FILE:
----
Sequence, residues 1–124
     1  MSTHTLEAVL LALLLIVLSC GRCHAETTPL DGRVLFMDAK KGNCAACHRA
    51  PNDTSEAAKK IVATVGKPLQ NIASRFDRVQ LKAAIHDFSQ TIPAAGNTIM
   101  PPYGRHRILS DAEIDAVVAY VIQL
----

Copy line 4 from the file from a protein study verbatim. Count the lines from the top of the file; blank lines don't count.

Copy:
   101  PPYGRHRILS DAEIDAVVAY VIQL